Following the release of “Waybinder”, I describe the means by which I happened to develop this ‘interactive novella’ — applying what I know from game design to the act of writing fantasy fiction.
A post-launch review of writing “Waybinder”: an endeavour which has given its author much to think about in terms of project scale, working with narrative, and self-publishing.
This year was the first time I’d been able to attend the Game Developers’ Conference in San Francisco. I went primarily to talk on the subject of women-in-games initiatives and how they make a difference. This panel session – in which I was joined by Zoë Quinn, Rebecca Cohen-Palacios, Sagan Yee and Stephanie Fisher – will be made available on GDC Vault in the coming weeks.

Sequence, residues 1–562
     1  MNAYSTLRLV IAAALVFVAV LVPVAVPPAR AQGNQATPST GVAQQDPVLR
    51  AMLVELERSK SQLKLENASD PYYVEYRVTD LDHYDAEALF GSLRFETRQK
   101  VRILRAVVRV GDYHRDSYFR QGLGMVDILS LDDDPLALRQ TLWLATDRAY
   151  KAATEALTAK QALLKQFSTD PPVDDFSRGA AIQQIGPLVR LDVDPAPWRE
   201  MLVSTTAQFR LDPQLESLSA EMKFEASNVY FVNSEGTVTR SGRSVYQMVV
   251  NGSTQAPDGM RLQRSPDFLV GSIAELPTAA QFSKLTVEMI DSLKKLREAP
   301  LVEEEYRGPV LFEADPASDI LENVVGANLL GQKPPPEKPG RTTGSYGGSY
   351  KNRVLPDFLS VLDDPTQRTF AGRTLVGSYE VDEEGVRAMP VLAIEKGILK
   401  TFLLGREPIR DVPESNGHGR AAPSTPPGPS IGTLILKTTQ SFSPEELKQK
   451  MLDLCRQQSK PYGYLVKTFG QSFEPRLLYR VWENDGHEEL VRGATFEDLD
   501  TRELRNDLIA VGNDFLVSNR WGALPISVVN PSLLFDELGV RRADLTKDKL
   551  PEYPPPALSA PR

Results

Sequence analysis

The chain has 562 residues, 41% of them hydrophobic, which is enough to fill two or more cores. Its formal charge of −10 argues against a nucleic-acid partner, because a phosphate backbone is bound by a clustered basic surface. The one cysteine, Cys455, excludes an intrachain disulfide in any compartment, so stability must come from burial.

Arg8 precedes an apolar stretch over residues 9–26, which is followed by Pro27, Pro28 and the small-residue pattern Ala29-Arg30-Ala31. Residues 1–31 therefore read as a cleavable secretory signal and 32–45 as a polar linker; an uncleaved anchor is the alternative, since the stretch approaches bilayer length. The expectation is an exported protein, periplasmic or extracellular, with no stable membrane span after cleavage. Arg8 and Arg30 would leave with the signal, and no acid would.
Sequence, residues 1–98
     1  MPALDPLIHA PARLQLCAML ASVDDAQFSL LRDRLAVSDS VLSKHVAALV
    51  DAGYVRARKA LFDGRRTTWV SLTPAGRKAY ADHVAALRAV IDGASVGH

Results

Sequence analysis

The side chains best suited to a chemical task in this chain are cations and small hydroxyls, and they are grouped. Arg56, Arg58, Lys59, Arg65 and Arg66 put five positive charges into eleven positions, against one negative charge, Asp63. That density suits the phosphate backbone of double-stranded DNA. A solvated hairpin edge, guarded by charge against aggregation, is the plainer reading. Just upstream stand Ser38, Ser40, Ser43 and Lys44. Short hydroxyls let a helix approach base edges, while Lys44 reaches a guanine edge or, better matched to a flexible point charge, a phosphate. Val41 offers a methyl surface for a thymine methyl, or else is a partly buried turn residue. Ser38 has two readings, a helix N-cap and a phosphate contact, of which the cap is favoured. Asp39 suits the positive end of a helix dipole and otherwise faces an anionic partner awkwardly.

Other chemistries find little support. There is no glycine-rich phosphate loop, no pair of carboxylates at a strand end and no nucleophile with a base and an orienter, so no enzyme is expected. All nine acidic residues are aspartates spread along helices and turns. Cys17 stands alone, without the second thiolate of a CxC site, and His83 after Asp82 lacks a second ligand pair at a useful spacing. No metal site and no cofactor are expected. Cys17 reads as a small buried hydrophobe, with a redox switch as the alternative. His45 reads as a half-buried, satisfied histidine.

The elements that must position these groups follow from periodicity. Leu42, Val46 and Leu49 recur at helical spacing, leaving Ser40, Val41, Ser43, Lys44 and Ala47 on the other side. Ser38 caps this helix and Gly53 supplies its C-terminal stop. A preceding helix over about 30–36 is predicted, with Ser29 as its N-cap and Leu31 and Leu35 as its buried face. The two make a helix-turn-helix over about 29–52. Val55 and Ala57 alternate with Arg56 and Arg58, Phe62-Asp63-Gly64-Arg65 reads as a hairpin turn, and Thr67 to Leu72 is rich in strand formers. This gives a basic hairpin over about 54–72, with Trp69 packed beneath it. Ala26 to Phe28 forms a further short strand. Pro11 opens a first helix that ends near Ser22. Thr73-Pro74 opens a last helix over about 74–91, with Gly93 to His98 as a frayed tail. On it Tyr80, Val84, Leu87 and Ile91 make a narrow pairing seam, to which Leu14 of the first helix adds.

I also attended in order to seek inspiration and some new direction, and to meet people working outside of Europe. Although I skipped past many talks in favour of the sorts of activities I couldn’t simply catch up on online afterwards (a strategy I’d recommend strongly to future first-timers), I did nevertheless come away with new insights – some whimsical, and some practical.
What follows, then, is a collection of personal reflections on the talks I saw, along with my tips for recommended GDC Vault material.
I’d never attended a full, 48-hour game jam until this weekend. Nor indeed had I tried doing one in a foreign country! It took its toll, but I’m very glad to say I have completed my first Global Game Jam – and I’m rather proud of the game we made, too!